Dance Dance Revolution
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Vargas and Warren were watching from a table toward the back of the club. This was the first BGB show they hadn’t produced. No hurrying around, no jolt of anxiety when the lighting person flubbed a cue—they just relaxed and drank their drinks. The two had started a consulting business together around the same time as BGB’s premiere (their cards read “Maya&Sara: Titans of Industry”), and managing both had become untenable—as Brown Girls Burlesque became more successful, it demanded more work. Though they’ll always be a part of BGB in spirit, they say, they needed to step back. For the first time, they were able to see the performances as a fan would, and they were impressed: “It was nice to sit back without that weight and enjoy the show,” says Vargas. Warren adds, “Our audience has given us nothing but love. Even from the sidelines, it’s so beautiful to watch.”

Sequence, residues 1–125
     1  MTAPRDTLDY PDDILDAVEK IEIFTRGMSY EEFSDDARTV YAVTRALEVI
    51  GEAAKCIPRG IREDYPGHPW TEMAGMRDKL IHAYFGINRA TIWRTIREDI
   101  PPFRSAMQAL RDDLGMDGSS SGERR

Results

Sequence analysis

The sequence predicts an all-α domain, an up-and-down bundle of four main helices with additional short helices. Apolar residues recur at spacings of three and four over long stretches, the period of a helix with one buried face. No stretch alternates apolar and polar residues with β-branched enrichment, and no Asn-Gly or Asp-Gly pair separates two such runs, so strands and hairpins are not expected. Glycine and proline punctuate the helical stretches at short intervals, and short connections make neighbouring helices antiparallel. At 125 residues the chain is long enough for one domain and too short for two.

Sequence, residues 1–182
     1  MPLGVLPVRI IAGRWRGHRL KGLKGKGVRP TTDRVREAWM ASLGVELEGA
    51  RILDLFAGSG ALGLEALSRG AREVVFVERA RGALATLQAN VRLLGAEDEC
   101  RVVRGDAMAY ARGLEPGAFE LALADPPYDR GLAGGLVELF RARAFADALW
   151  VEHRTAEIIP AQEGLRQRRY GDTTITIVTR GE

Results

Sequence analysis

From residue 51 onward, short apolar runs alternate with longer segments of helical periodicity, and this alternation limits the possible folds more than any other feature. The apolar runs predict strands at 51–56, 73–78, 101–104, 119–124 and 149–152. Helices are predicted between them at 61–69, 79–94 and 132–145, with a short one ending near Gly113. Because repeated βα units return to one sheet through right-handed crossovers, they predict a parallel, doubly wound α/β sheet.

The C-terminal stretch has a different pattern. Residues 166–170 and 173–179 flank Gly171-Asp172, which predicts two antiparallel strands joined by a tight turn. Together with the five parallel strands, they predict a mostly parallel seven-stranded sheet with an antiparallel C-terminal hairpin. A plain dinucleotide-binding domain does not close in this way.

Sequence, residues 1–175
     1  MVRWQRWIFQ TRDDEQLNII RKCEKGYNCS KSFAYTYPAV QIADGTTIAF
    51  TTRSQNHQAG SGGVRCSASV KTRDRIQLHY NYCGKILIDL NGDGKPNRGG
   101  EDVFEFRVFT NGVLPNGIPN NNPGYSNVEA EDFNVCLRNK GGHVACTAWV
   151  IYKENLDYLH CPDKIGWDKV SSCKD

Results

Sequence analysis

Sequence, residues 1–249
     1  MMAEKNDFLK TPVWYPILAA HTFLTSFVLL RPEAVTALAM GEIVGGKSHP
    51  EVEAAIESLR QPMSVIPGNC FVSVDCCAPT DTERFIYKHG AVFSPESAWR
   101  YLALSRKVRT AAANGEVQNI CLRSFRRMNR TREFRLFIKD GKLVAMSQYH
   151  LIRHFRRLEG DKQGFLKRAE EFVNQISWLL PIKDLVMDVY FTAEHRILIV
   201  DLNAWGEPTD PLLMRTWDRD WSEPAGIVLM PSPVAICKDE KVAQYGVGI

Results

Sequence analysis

A few weeks after the Obama fundraiser, Dawn Crandell traveled to Seattle for BurlyCon, a convention about the business side of burlesque, where she spoke on a panel about racism, exoticism, and cultural appropriation. This was a big deal for her. The burlesque community pushes the topic of race under the rug, Crandell asserts. Worse, performers sometimes exploit it in unsavory ways. Each of the BGB members has stories about watching uncomfortably as a white performer used the trappings of another culture as a costume. “Someone will put on a kimono and crazy makeup and suddenly there are gongs and chimes,” Warren frowns. “It can be disturbing to watch.” The women of Brown Girls Burlesque intend to use their growing prominence to call out such acts. Crandell has visions of round table discussions, workshops, and collaborative performances around race and privilege. The discussion at BurlyCon was just the first step.
In the meantime, BGB has created a space for women of color on the burlesque stage—and in its audiences. “It’s an entirely different feeling when you see other women of color on the stage,” Warren says. “This is something new to communities of color, celebrating our bodies in that way.” For the finale of one show, the entire troupe recreated the climactic scene from Dirty Dancing. Just before “Time of my Life” kicked in and the staid resort transformed into an exuberant nightclub, the emcee called out, “Nobody puts Brown Girls in the corner!” The woman playing Johnny pulled Baby into the middle of the stage and started to dance. The crowd went wild.